As many of you know, I develop the highly popular program known as Restore Point Creator. It’s a program that gives users (Power Users) far more control over how System Restore works in Windows. It gives you all of the ability to use and maintain System Restore all in one easy to use program without having to go to various different places in Windows to maintain your system’s System Restore. This program was written by a Power User for Power Users.
On Windows 8/8.1 it seems that Microsoft wants to take the power away from the power user. When developing the program for Windows 8 there’s a lot of hacks that I have to add to the system to keep Microsoft’s hands away from System Restore. For instance, I have to add several registry entries just so that I can keep Windows 8 from deleting restore points. Why Microsoft? Why are you deleting restore points that the user created?
Now, I understand that Windows 8 was created for tablets and other various touchscreen devices that might have limited amounts of storage space but on the desktop people have huge storage devices. For those types of machines allow the user to keep as many restore points as they want. If they want 16, let them. 24? Let them. 36? Let them! Who’s in charge here? Last time I checked it was the user, the person sitting in front of the keyboard and mouse that owns the computer in question; not Microsoft.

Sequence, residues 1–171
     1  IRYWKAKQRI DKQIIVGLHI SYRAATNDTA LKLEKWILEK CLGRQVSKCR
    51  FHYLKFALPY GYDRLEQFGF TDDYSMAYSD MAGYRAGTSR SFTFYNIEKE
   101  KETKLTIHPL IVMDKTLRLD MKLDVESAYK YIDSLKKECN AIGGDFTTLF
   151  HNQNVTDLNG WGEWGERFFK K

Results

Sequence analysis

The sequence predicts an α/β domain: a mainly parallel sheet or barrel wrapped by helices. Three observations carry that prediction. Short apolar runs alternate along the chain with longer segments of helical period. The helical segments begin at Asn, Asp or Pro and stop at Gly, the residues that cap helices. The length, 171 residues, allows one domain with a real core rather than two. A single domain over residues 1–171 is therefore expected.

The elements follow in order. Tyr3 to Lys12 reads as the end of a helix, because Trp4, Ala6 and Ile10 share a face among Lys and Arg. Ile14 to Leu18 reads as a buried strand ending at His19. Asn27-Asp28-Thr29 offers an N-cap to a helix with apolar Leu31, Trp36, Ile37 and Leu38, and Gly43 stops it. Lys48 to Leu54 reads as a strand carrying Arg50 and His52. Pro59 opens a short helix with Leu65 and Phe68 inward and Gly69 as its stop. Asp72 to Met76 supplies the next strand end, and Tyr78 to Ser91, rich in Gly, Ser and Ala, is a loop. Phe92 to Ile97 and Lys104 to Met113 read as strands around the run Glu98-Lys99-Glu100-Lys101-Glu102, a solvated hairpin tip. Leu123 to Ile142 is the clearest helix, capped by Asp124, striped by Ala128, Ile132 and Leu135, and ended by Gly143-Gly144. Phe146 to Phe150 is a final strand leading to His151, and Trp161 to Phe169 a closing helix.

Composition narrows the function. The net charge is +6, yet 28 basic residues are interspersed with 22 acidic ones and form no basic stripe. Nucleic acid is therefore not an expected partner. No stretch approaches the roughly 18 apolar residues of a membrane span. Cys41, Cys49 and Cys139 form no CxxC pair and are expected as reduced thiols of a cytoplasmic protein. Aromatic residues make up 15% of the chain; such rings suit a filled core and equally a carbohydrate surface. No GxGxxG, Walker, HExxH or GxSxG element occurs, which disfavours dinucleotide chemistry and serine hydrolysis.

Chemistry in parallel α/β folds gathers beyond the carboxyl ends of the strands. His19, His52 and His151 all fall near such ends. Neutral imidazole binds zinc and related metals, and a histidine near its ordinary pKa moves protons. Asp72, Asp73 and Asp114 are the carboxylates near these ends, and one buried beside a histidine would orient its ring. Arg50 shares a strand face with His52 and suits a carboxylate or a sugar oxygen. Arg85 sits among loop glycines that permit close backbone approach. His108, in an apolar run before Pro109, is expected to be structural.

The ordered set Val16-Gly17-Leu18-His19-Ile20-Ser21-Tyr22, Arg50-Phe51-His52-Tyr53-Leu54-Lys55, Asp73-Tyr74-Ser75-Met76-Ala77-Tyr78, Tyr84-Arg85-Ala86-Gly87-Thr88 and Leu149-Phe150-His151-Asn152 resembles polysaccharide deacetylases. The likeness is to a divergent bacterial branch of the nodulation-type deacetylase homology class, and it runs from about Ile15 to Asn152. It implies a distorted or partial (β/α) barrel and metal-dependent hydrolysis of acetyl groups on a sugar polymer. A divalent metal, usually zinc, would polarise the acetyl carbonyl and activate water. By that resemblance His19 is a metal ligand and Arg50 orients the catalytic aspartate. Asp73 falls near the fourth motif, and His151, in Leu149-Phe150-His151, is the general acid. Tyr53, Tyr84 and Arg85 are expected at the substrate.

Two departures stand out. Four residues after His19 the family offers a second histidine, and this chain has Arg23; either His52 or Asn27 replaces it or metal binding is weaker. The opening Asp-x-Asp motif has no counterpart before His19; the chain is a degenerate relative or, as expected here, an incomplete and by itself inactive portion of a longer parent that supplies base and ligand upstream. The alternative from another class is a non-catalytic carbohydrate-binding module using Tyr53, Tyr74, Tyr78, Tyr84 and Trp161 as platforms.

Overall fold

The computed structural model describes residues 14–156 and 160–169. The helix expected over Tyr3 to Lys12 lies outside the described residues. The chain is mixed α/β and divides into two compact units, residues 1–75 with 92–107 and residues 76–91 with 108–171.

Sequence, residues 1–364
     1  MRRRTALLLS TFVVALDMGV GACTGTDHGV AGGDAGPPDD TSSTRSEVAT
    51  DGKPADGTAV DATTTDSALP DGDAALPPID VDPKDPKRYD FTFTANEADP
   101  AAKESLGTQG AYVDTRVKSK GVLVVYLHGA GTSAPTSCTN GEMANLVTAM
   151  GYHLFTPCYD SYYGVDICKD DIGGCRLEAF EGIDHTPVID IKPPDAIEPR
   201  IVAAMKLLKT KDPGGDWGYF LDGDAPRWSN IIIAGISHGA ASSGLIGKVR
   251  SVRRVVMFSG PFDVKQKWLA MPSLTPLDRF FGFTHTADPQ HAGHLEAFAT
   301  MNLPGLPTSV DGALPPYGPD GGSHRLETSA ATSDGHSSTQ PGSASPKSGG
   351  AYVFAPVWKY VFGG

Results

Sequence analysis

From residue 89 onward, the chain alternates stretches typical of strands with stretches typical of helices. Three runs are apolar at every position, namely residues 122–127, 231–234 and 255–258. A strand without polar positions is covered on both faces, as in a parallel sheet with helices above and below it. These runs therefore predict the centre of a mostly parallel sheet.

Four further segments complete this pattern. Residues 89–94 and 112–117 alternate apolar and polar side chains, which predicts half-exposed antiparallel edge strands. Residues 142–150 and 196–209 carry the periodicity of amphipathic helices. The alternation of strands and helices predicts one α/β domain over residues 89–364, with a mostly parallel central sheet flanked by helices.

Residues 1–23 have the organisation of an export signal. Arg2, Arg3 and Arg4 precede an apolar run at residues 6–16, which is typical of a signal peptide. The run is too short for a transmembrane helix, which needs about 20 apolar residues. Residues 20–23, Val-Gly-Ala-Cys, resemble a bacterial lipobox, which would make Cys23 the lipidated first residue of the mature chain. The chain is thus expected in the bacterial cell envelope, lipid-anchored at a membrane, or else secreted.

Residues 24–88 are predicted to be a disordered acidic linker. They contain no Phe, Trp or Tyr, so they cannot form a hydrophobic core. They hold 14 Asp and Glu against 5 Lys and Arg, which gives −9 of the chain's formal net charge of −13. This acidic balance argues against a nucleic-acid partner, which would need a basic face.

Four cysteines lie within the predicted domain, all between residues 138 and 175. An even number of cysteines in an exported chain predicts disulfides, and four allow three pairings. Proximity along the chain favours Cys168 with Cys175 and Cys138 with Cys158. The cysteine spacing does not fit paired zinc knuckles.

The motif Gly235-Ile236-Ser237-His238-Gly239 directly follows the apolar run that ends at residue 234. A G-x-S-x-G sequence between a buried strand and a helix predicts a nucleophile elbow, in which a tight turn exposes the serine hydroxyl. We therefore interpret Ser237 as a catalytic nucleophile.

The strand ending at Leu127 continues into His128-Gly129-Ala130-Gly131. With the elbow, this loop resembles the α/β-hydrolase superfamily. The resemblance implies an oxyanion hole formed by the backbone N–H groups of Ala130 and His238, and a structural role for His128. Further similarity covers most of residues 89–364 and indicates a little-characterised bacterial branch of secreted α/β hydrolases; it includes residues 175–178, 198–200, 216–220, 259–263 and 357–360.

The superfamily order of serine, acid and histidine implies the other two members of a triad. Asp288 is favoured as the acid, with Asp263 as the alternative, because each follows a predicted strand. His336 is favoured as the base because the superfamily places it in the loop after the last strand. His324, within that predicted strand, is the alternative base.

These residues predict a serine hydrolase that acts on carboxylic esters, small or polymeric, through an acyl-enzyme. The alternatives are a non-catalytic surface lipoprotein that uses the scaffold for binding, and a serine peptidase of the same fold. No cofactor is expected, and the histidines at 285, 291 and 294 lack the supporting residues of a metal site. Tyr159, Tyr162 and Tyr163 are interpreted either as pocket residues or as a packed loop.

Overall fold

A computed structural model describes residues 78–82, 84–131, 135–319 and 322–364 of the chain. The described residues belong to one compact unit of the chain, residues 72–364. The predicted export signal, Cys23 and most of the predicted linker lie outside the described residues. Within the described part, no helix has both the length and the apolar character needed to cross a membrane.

But here I am having to fight Windows 8 in that it seems to want to delete restore points for no good reason other than the fact that it seems to think it may be on a tablet that has limited flash memory storage. The problem is that we’re not, we’re on a desktop with hard drives in excess of 750 GBs of storage space; quit assuming that we’re using limited flash memory storage space.
Once again the idea that this operating system was designed for tablets and other touchscreen mobile devices comes up. It was then shoehorned into being a desktop operating system. A “one size fits nobody” paradigm.